20th August 2016

Dress

The results!

20th August 2016

Dress

After many online samples and ventures to assorted fabric shops, I finally bought my dupioni silk. I was immediately fixated on the idea of using dupioni for this costume. I liked the idea of the texture and having the grain run vertically down the striped panels of the dress, maybe having other pieces with it horizontal for variety, and it's a practical choice too because it comes in so many vivid shades so I'd be able to have all the colours on the costume in the same fabric. Using silk would be helpful too since I could dye it and create the watercolour gradient effects. I already had blue and turquoise Jacquard acid dyes so planned around that and bought purple dye as well. That minimised the different colours of fabric I needed to buy. I bought 3 yards of turquoise and 2 of white from an Etsy seller - the price was in USD making it much cheaper for me at the time. I did think about dyeing all of the main turquoise fabric myself, but evenly dyeing larger amount of fabric becomes trickier and there are so many lovely coloured fabrics out there it was easier to rely on them. I still ended up using my turquoise dye to darken the fabric I bought slightly and to create some varied shades on some panels in addition to the main dress colour. I had labelled all the pieces from my mock-up in permanent marker with a letter, they were all in alphabetical order and marked left and right sides. I also wrote on which colour fabric to cut each piece from and what colour dyes were required for each piece which helped to sort them out as I was dyeing everything along with referring to my reference image. These mock-up/pattern pieces were then safety-pinned to my final silk pieces and remained attached throughout the dye process until everything was finally sewn together. That ensured I didn't lose track of any pieces and could keep them in order to sew to together correctly. As I cut them out, I overlocked the edges of every piece because they'd be handled a lot both during dyeing and while finishing all that bias binding by hand and dupioni unravels horrendously - especially as I was set on cutting it with the grain vertical. After cutting and overlocking all my pieces, I dyed certain ones which I'd cut from white fabric. Other panels were cut from turquoise and had some areas dyed too. I liked working with the small individual panels and I had enough fabric to cut more than one of them when needed and pick the ones which turned out best once dyed. I had 3 colours of dye in pans and it was easy to deal with the small individual pieces, dipping each one to create gradients and experiment. I had to do my purple pieces twice since they weren't dark enough initially and I also ended up dyeing all my turquoise fabric darker too. They all were left hanging over the bath to dry as pictured.

20th August 2016

Dress

And sewn together! With bonus paper pieces where I was beginning to plan out the front panel proportions. I was relieved when I compared the assembled pieces to my lining pattern and they'd come out the correct size and when it was complete it all still fitted ok. For the purposes of the trial run I just wanted to ensure the bodice fit and didn’t need to run the bias binding all the way around the edge of each piece, but it helped me wrap my head about how to assemble everything. I also spent some time experimenting with the lengths of the skirt panels which needed to all be varied. I couldn't leave this until after assembling the final dress because the bias binding needed to go all the way round each rectangle as part of the construction process, so they had to already be cut to the correct length. Because all the panels vary in length and the dress isn't symmetrical, that means each panel for the dress is unique so there are 19 individual pieces which all had to be carefully labelled. I also had to determine which would be what colours - I had free rein to make up the back. I based the panels at the sides off the in-game design. Similarly, the sleeves were sliced into multiple panels, but I didn’t do a trial run since they were much simpler.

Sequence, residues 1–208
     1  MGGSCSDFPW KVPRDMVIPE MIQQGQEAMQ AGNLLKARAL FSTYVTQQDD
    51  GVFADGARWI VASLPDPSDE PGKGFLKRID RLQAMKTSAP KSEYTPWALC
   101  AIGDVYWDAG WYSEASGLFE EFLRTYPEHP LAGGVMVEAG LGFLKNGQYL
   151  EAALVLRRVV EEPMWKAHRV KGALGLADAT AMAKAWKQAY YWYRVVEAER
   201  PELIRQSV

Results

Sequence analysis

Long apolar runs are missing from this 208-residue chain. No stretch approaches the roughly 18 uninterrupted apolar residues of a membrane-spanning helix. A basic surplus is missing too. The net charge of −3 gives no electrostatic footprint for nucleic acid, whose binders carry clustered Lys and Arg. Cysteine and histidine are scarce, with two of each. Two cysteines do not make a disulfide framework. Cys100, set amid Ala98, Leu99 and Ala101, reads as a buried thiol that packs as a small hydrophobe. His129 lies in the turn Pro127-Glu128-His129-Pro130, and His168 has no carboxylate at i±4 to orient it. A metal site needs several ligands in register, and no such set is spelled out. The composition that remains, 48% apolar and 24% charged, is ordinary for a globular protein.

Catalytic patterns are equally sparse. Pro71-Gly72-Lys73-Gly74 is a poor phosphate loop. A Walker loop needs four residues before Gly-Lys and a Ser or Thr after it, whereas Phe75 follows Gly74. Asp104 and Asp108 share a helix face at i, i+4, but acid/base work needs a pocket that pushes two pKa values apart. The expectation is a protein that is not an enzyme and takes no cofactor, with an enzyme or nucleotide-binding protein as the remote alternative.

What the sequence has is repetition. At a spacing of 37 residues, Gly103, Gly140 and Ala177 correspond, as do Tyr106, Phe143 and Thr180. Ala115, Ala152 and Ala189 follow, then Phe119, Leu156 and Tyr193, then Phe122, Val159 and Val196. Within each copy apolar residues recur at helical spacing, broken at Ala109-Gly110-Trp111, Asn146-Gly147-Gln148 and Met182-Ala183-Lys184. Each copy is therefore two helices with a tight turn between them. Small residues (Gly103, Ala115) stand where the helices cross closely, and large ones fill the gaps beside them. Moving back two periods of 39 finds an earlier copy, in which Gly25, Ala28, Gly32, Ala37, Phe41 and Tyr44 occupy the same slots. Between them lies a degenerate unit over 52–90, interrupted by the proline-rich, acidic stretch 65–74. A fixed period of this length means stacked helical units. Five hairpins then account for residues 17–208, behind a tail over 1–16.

20th August 2016

Dress

I started with New Look 6567 - a basic dress with sleeves - and made it with fabric from an old duvet cover. It was adjusted to fit and cut a lot shorter. I needed to extend the skirt to flare out more, so I measured the circumference of a petticoat I had which looked about right, then I inserted godets at every seam to evenly expand the skirt out to that measurement. I then started experimenting with drawing on lines to mark out where the striped panels should go. The sleeves were straightforward enough, but I quickly realised that translating the skirt into reality wouldn't be easy. The main issue is that the amount of stripes of a suitable width that I can fit on the bodice doesn't amount to enough panels to cover the much broader skirt area below. Flaring the panels towards the hem didn't look right, and regardless, there still wouldn't be enough strips. After some trial and error pinning loads of rectangular strips on the skirt, I came up with an approach to overlap them at the waist. This makes the panels narrow enough at the top to fit around my torso, but they're wider at the skirt and they remain an even width all the way down. I also experimented with securing some of the panels all the way down their sides to keep them in place while leaving most hanging free from the waist. I primarily wanted to ensure the strips at the centre front where the coloured sections would need to be exposed would stay put. Reflecting on it, it's maybe quite an obvious solution, but I'm still pleased that I came up with something it's possible to sew but has some of the illogicalness of the drawing, so I think that's quite a successful interpretation of the design. After finalising my layout for the stripes on the dress, I cut apart the mock-up, added seam allowance and did a full trial run using some polycotton with some spare bias tape in assorted colours to make sure my construction method would work ok. Photo shows the pattern I ended up with. That’s half a dress, with the centre back on the left and centre front on the right.